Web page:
Kerr's best tracks are radio-friendly yet possess a certain self-deprecating charm that would appeal to fans of independent, literary pop/rock.
On his sophomore effort, Ally Kerr delivers twelve smart, straight-ahead tracks which showcase both his gift for pleasing melodies and his comfort with a variety of tempos and textures. On Off the Radar, the Scotsman mixes the retro pop feel of a Ben Kweller with the melodic ease of forerunners like Neil Finn or Squeeze. Kerr's best tracks are radio-friendly yet possess a certain self-deprecating charm that would appeal to fans of independent, literary pop/rock; Kerr can cast himself as the underdog while sounding like an established artist and for the majority of the record, it works.
Standout moments include the bouncy, quirky opening cut "Could Have Been a Contender", the marriage of chugging guitars and subtle melody on the title track and the 1-2 punch of "Amorino" and "The Truth That I Have Earned", two cuts which come late in the record. The former is an acoustic ballad which contains Kerr's prettiest melody, a tune which just glides; the latter is a mid-tempo folk rocker with a solid groove.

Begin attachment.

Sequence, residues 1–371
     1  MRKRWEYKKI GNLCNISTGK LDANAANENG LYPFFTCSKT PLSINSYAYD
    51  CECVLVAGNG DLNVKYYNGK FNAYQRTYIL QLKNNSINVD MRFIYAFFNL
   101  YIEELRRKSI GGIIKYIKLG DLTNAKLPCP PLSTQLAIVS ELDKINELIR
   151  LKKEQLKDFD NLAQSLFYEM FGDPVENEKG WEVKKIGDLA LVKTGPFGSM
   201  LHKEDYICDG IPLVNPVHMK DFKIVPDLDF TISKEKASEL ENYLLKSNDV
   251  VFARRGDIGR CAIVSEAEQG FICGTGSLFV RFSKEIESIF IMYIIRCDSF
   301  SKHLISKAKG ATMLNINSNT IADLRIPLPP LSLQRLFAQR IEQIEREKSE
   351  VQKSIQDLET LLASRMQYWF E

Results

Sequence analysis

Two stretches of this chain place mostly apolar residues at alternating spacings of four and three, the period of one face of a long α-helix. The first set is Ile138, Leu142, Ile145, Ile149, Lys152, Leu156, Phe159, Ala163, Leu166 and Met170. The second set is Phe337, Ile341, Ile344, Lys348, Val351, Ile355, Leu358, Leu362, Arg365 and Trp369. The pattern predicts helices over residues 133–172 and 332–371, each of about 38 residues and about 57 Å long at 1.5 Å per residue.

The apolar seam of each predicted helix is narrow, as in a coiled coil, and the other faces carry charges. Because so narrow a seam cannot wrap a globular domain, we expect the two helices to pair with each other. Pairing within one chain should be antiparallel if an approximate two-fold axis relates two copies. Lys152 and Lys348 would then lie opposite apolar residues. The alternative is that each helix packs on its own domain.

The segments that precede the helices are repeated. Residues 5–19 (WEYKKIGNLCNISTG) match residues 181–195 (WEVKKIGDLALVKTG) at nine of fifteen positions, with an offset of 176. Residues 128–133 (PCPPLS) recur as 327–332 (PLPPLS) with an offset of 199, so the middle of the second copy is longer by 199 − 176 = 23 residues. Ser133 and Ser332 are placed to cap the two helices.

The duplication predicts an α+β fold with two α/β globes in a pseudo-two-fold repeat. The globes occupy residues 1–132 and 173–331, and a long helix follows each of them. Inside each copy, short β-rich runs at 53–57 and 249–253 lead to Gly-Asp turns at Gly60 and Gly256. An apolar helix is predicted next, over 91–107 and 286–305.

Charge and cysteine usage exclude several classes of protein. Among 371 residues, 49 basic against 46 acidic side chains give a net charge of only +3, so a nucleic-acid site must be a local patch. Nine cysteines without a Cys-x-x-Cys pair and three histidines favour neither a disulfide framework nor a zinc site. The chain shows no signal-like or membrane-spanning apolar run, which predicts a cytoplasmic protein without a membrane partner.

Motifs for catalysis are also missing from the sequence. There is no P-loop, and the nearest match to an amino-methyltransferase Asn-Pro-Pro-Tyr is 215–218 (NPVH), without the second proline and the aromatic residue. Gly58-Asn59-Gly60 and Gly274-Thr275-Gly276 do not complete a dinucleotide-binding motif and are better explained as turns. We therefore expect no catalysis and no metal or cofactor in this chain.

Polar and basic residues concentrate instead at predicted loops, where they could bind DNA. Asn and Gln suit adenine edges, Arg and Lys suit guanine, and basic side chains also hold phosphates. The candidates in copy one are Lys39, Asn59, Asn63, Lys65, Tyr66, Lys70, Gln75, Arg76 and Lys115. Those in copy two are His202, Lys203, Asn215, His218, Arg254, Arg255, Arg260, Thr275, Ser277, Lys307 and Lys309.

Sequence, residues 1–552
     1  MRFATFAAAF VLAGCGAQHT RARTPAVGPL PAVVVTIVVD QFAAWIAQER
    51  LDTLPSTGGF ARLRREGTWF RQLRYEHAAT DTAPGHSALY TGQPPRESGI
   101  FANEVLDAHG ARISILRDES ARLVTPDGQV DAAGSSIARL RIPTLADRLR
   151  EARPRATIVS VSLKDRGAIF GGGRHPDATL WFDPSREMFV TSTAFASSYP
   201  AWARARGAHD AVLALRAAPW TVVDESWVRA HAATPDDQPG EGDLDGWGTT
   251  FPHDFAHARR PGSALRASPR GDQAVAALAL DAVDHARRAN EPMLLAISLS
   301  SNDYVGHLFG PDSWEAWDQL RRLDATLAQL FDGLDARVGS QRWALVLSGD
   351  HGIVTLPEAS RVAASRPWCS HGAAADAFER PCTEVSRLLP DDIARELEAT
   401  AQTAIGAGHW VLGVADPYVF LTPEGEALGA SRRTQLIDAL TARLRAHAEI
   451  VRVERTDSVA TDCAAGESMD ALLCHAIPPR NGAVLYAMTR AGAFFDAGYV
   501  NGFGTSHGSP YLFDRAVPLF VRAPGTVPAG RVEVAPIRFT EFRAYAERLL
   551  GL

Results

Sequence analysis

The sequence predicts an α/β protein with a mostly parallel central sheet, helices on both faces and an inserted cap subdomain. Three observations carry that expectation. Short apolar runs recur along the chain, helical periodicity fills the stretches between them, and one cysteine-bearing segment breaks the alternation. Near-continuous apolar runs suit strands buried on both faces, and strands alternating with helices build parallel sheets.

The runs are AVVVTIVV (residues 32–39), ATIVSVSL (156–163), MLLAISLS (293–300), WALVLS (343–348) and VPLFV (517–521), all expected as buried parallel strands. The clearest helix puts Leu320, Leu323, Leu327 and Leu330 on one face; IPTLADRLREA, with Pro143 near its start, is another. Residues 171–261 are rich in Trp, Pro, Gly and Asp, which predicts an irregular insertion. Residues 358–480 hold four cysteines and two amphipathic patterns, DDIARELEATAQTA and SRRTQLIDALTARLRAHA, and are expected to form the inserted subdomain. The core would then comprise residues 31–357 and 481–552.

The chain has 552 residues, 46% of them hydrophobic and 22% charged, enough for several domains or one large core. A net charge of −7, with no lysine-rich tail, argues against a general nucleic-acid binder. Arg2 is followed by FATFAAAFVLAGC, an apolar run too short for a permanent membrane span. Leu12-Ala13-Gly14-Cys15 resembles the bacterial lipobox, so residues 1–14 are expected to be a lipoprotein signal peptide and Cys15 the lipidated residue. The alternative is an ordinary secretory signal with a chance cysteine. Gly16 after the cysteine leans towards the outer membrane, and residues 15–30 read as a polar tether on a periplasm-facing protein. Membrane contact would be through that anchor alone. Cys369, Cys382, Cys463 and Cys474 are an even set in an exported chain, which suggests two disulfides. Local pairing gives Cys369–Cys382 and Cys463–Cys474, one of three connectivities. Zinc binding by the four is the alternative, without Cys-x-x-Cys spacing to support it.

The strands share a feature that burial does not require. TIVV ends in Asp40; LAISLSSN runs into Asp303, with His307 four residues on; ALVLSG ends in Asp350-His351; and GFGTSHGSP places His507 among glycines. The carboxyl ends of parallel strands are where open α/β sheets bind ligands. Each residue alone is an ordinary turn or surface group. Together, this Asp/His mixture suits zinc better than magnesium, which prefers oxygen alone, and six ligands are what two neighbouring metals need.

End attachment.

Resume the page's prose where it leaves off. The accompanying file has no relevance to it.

Kerr is most triumphant when he plays it cool; occasionally, he overreaches in the lyrical department, stumbling through phrases which seem try to be just a bit too clever. Overall, the album is consistently solid and on its best moments, is something to truly be enjoyed.